Arda Alden Green (1899-1958) was an American biochemist and protein-purifying pro who worked “in the shadows” of “big names” but made big contributions of her own, including isolating the neurotransmitter serotonin and figuring out why fireflies glow.
Green was born May 7, 1899 in Prospect, Pennsylvania. She earned degrees in chemistry and philosophy from the University of California, Berkeley followed by a medical degree from Johns Hopkins University. Her work with isolating proteins began when she took a hiatus from her medical studies to learn from protein chemist Edwin Cohn at Harvard. She returned to Cohn’s lab after graduating and carried out a series of seminal experiments showing how hemoglobin’s ability to transport oxygen throughout the bloodstream is affected by pH. She became a pediatrics research associate, tutored students, and helped Cohn develop methods to isolate blood proteins that were in high demand during WWII.
After 12 years at Harvard, she moved to Washington University in St. Louis to work in the laboratory of Gerty and Carl Cori. If you’ve taken a biochemistry course, you might have heard of the Cori Cycle (the series of biochemical reactions that converts the sugar-storage molecule glycogen into lactate and back again). Gerty Cori & her husband (deservedly) won the Nobel Prize for working it out, but Green helped make their work possible by figuring out how to isolate pure enzymes (molecules that speed up (catalyze) reactions) in the pathway including phosphorylase, which sets the cycle in motion.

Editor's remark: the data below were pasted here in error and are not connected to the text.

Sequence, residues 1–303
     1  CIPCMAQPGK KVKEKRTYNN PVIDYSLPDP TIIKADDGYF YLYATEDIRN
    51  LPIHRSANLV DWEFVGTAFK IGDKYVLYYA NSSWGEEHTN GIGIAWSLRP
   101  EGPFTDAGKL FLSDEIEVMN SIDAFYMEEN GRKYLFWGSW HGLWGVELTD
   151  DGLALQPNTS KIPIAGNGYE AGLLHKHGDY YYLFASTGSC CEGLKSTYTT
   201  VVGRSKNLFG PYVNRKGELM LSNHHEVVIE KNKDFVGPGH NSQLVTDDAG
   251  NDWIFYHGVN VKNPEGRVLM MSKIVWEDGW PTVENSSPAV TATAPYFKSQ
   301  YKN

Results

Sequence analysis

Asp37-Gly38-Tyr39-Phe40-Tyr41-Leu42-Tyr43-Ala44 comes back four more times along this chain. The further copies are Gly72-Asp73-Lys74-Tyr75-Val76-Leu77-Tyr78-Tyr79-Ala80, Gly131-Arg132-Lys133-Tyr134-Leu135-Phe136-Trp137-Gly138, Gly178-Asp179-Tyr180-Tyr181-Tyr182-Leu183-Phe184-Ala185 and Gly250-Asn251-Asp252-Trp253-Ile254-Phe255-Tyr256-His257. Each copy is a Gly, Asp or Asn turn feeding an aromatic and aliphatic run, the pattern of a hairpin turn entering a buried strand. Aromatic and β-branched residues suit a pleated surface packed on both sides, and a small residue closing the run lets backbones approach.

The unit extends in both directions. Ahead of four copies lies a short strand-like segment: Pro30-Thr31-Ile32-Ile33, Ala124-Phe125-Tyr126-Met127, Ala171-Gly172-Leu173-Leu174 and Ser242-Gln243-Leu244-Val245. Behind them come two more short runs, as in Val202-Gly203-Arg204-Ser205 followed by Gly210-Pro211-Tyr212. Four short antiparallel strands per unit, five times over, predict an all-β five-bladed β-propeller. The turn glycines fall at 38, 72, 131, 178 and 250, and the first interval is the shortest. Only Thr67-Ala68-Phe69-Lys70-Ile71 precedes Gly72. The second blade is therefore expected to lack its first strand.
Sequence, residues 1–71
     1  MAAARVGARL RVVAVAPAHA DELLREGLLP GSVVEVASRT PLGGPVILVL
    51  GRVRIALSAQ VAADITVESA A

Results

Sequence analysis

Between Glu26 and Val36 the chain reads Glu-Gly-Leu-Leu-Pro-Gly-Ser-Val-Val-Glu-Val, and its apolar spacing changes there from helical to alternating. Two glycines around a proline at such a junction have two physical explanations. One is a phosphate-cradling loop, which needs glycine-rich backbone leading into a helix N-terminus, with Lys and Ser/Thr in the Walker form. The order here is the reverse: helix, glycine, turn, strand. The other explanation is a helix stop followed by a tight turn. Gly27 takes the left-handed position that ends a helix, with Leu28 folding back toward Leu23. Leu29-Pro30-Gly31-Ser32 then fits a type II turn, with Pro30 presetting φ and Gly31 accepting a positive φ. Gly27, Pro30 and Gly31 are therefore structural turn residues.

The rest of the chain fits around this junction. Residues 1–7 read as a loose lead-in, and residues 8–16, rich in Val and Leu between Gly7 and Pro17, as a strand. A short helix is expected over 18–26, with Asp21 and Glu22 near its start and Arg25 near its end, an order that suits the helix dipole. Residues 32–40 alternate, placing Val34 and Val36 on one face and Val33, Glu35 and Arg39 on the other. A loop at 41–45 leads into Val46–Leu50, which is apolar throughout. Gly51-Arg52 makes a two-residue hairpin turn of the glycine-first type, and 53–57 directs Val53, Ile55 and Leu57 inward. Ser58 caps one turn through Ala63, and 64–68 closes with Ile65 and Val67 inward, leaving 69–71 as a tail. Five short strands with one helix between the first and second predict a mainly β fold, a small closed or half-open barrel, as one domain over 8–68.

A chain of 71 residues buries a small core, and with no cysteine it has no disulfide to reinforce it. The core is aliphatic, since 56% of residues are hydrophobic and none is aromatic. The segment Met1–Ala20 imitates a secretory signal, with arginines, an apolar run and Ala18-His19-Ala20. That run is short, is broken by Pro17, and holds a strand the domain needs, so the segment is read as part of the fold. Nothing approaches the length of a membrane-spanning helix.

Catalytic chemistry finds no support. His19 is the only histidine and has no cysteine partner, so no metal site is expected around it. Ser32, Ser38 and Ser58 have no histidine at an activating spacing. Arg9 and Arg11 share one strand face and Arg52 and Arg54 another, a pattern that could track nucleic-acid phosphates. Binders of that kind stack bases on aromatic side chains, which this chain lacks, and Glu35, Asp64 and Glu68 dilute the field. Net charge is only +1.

She then moved to the Cleveland Clinic, where she studied molecules contributing to blood pressure regulation. In addition to isolating proteins involved in hypertension (high blood pressure) she isolated the neurotransmitter serotonin, an important signaling molecule in the nervous system.
She then went back to Johns Hopkins where she crystallized luciferase, the protein that makes fireflies glow, and helped figure out how it works. She started working on purifying the protein that makes some bacteria glow, but she died from breast cancer before she could finish out this work. Her death also came before she could be formally presented with the Garvan-Olin medal – the highest award for an American female chemist.
Green’s name is often lost in the shadows of the scientists she worked with whose names have been kept at the forefront in part because of having things named after them. In addition to the Coris, she worked with Hans Krebs (who also has a Nobel Prize as well as a biochemical cycle named after him); Leonor Michaelis (the Michaelis-Menten equation describes enzyme kinetics); and Lawrence Henderson (the Henderson-Hasselbach equation relates to pH).
There is no doubt in my mind that Green, who was lauded as a thoughtful mentor as well as a skilled scientist, positively influenced the work of these “legends” and if I ever discover something, I’d like to name it after her!
Photo credit: Marine Biological Laboratory Archives